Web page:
KAYSVILLE – Learning how to control a blade can help kids and teens develop that same control in the rest of their lives.
That’s the philosophy behind Wasatch Fencing, a non-profit, all-volunteer organization based in Kaysville that teaches fencing to youth. Though some students compete in local competitions and have gone on to fence for colleges such as Duke and Stanford, the real purpose of the training is to help the students learn important life lessons.
“We think all kids should be in sports, since it teaches kids what happens in life,” said Ron Hendricks, one of the instructors at Wasatch. “It teaches them dedication and shows them what working hard brings to you.”
It also teaches them that what matters most about winning or losing is how you handle it.
“Once the competition is done, respect is so important,” he said. “Whether you win or lose, you should have a great deal of respect for the other person.”
The school, which these days generally has between 40 and 50 students at a time, started in 1983 on a handball court at Hill Air Force Base. When Hendricks first became involved two years later, it was mostly an opportunity for retired fencers to meet up and practice their sport.
Hendricks, who had first fallen in love with fencing when he searching for an elective class in college, believes he was instrumental in the group shifting its focus to youth fencing.
“When I started, it was all about the competition, but things change when you get older,” he said. “It’s turned out to be more about the kids in the last 15 years than it’s been about the fencing.”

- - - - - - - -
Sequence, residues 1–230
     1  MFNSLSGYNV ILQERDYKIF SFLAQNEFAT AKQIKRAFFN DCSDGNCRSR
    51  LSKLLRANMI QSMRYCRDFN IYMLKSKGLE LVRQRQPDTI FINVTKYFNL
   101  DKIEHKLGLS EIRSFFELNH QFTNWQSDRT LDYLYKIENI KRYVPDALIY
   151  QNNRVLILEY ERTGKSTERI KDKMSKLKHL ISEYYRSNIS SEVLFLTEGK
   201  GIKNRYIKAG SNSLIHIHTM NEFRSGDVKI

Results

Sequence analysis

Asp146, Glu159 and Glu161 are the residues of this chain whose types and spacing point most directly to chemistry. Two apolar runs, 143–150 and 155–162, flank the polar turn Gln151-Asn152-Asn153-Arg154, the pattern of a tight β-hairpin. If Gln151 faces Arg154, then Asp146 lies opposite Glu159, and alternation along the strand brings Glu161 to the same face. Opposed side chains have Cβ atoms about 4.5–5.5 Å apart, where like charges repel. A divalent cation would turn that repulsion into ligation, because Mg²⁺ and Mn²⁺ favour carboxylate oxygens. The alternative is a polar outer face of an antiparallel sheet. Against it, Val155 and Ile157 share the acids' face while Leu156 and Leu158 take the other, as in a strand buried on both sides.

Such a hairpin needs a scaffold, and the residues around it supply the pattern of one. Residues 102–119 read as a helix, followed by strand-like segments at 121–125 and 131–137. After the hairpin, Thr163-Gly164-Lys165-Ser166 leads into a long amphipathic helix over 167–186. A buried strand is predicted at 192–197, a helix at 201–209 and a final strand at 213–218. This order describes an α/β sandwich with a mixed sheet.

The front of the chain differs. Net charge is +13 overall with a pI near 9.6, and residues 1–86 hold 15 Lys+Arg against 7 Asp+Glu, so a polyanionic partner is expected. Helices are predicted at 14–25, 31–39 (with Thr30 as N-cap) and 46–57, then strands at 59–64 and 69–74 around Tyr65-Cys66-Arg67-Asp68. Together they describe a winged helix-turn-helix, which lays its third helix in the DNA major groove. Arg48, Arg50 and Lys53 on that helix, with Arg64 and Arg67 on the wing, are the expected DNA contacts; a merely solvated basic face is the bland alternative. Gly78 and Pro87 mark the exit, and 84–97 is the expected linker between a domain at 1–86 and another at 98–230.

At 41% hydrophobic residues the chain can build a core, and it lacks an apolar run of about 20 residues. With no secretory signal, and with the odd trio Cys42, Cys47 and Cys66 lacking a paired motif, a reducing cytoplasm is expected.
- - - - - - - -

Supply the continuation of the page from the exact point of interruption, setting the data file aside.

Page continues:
Still, the fencing itself provides a vital structure. There are three styles of fencing Р foil, epee and sabre Р each with different blades, rules and styles of fighting. Despite the differences, all three forms share some similarities.
“The foundational skills and athleticism are pretty much the same,” said Hendricks, who teaches alongside fellow instructors James Neiswanger and Martin Gravis.
Though the school teaches all three forms, it focuses mostly on foil. The target area in foil fencing is the opponent’s torso area, and points can only be scored with the tip of the foil.
“It’s like chess at 80 miles an hour,” said Hendricks.
In epee fencing, hands are a target area, which means that fencers have to spend more time out of range plotting their moves. Sabre fencing is the only form where you can score with the side of the blade.
“Epee is more cerebral,” said Hendricks. “It’s like chess at 50 miles per hour. Sabre fencing has less technique, but a lot of athleticism. It’s like checkers at 200 miles per hour.”
No matter what the form, though, the sport is more understandable for audiences than many realize.
“It’s who hits who first,” he said. “It’s really easy for people to see what’s going on.”
Students from the school recently competed at the Great Salt Lake Fencing Open, a tournament that draws fencers from six western states. Hendricks’ own son, who was taught at the school, was named All-American when he fenced in college.
“At the top level, all fencers are really great athletes,” he said.
In the end, though, success matters less than the sport itself.
“Some of our kids are very competitive,” said Hendricks. “But most of them come in to have fun, learn a skill and walk out a little bit better than they came in.”
For more information, visit wasatchfencing.org.